August 29, 2018

New Industry Standards Next Step in Climate Change Strategy

The Government of Saskatchewan continues to implement key commitments made in the province’s climate change plan to help reduce greenhouse gas (GHG) emissions and maintain a competitive economy.

As part of the made-in-Saskatchewan Prairie Resilience strategy, government has developed new output-based performance standards that will apply to more than 40 Saskatchewan industrial facilities.  These facilities generate 11 per cent (or approximately 8.5 million tonnes) of total provincial emissions and are expected to reduce that portion by a total of 10 per cent by 2030.  These measures are in addition to previously announced reductions in electricity generation (40 per cent) and methane from upstream oil and gas (40 per cent).

“Reductions in these three key areas will reduce emissions by 12 megatonnes of greenhouse gases each year by 2030,” Environment Minister Dustin Duncan said.  “Our bold and innovative system-wide strategy is designed to responsibly and tangibly reduce emissions without the imposition of an economy-wide carbon tax.”

Saskatchewan’s performance standards will increase over an established schedule from 2019 to 2030, cumulatively reducing GHG emissions by 5.3 million tonnes.  The sector-specific performance standards are expected to achieve the following emissions intensity reductions:

  • Potash, coal and uranium mining (5 per cent)
  • Iron and steel mills (5 per cent)
  • Fertilizer manufacturing (5 per cent)
  • Pulp mills (5 per cent)
  • Ethanol production (5 per cent)
  • Refining and upgrading (10 per cent)
  • Upstream oil and gas – combustion only (15 per cent)

Saskatchewan facilities will be able to choose from a suite of flexible compliance options including offset credits, best performance credits and a technology fund.

Prairie Resilience is designed to protect economic competitiveness while achieving cumulative greenhouse gas reductions by 2030.  The standards for these sectors were developed in consultation with industry and account for overall economic growth, competitiveness and trade exposure, minimal regulatory burden, and sector-specific achievability.

“Our approach with Prairie Resilience is a more effective plan than a carbon tax, and these commitments demonstrate why the federal backstop should not be imposed on Saskatchewan businesses, industries, communities and families,” Duncan said.  “We plan to advise the federal government of our progress on reducing emissions and building a more resilient province; however, we are not submitting our plan for assessment, nor are we changing course on our strong and effective approach on climate change.”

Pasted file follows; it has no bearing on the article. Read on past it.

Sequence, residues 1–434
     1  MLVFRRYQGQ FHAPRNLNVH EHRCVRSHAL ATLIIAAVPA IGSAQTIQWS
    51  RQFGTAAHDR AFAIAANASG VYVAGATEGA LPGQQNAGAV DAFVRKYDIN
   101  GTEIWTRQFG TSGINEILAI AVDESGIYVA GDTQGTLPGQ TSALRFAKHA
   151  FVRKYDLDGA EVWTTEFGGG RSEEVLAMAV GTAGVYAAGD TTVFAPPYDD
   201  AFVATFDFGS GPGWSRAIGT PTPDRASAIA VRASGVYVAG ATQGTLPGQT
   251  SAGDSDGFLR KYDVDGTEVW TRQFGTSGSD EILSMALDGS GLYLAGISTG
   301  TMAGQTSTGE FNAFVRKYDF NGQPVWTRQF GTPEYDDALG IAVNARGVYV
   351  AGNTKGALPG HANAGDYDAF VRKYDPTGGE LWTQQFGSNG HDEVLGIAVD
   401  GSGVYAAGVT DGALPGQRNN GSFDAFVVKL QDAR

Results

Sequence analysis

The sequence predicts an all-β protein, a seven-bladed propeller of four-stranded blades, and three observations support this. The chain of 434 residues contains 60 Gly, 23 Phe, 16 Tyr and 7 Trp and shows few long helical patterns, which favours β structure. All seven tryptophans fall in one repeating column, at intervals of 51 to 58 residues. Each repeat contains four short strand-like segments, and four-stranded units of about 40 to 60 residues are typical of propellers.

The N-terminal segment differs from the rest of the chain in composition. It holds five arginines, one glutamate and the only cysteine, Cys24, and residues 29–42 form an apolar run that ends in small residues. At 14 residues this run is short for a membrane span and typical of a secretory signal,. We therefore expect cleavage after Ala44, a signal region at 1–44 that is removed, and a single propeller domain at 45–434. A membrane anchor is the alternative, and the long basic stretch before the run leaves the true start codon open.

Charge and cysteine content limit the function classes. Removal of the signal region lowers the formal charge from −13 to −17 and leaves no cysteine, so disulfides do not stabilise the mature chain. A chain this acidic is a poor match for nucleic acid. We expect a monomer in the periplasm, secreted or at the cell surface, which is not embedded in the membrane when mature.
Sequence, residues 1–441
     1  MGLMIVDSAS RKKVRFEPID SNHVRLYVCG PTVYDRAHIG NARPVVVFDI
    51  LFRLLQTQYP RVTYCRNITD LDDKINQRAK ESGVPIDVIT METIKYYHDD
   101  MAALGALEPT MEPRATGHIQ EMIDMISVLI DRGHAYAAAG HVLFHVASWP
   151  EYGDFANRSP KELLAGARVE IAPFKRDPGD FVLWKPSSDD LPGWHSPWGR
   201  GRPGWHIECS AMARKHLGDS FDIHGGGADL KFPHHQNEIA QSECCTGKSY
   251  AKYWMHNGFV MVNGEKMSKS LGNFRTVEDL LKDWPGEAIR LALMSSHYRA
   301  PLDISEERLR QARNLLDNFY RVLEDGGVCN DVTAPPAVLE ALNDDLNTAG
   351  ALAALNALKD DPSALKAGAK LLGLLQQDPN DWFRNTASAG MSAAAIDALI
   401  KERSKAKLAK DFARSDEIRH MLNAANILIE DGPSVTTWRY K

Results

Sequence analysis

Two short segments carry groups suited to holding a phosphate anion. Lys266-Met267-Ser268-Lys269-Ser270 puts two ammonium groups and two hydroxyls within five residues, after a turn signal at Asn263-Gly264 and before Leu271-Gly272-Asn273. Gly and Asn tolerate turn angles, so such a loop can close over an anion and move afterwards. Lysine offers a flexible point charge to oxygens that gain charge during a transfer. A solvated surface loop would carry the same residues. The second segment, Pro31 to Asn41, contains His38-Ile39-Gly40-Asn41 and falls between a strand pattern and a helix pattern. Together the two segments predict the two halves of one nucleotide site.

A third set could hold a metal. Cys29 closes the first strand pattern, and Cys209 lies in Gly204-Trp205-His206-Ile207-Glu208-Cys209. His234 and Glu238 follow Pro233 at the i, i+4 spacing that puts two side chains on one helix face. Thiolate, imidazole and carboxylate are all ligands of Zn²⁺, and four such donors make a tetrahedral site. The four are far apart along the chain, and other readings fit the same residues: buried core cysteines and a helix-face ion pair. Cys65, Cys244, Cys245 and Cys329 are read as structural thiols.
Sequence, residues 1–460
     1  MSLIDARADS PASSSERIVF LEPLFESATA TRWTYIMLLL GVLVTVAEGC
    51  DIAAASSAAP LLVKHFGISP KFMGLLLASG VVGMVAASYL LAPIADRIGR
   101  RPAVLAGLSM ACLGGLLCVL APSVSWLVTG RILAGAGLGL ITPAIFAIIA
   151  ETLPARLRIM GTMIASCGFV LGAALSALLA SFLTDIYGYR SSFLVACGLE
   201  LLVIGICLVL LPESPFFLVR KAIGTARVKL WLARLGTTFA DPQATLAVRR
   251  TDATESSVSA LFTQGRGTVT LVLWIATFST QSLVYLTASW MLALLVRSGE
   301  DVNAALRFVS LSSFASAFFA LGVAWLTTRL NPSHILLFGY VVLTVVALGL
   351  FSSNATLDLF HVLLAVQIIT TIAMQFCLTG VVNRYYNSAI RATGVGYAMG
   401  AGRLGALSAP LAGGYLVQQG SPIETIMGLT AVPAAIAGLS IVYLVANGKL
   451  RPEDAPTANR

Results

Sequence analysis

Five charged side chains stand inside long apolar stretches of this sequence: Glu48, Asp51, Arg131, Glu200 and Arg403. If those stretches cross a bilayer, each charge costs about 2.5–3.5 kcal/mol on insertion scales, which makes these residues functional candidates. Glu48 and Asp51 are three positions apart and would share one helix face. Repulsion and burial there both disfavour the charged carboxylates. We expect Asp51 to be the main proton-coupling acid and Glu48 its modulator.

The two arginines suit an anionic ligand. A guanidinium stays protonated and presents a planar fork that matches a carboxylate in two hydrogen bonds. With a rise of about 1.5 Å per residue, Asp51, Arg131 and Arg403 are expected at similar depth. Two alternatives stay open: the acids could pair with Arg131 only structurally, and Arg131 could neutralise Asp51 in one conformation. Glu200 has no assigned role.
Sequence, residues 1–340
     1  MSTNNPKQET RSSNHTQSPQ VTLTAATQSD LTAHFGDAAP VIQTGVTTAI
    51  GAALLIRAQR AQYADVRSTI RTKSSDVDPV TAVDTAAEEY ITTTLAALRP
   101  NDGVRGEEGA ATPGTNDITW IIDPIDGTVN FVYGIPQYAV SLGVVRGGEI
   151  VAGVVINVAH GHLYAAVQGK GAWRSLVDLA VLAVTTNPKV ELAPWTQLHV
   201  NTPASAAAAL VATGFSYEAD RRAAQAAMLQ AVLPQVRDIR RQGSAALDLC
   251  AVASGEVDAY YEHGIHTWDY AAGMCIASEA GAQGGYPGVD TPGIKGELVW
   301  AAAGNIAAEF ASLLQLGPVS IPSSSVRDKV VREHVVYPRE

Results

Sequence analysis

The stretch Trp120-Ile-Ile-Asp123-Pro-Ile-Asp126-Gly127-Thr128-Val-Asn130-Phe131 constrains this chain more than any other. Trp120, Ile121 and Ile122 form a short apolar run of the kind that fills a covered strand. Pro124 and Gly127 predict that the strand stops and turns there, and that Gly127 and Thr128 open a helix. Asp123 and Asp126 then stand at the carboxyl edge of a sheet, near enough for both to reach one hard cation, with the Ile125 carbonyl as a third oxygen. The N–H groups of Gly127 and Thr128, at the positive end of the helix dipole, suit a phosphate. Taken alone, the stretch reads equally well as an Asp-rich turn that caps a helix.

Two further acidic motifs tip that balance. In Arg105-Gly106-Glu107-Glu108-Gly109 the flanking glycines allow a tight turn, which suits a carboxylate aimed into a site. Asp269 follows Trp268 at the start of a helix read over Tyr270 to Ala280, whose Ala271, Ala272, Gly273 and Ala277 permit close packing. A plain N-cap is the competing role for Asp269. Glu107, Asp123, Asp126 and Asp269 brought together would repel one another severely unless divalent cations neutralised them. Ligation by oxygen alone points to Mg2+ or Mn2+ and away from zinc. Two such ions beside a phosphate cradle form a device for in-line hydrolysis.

“We are pleased to work with the government on this proactive, made-in-Saskatchewan approach to climate change to ensure emissions are reduced in an efficient manner that fosters innovation and ensures the province remains competitive,” Director of Climate, CAPP Patrick McDonald said.

“Ensuring the mining sector remains globally competitive is vitally important to Saskatchewan and to Canada as a whole,” Saskatchewan Mining Association Vice President Environment, Safety and Regulatory Affairs Brad Sigurdson said.  “We need to be mindful that, as we work to reduce GHG emissions, mining investments and jobs are not being directed to other international jurisdictions that don’t have the robust environment and safety regulatory framework that exists in Saskatchewan and Canada.  Our members are committed to bringing our expertise to the table and working with the province to reduce GHG emissions from the mining sector.”

In addition, The Management and Reduction of Greenhouse Gases (Reporting and General) Regulations take effect September 1, 2018.  The regulations obligate any provincial facility that emits more than 10,000 tonnes per year to report those emissions.

The Prairie Resilience strategy is a system-wide approach that includes more than 40 commitments designed to make Saskatchewan more resilient to the effects of a changing climate. The commitments – which go beyond emissions reductions alone – span Saskatchewan’s natural systems and resources, infrastructure for electricity, transportation, homes and buildings, and community preparedness.

Prairie Resilience is available at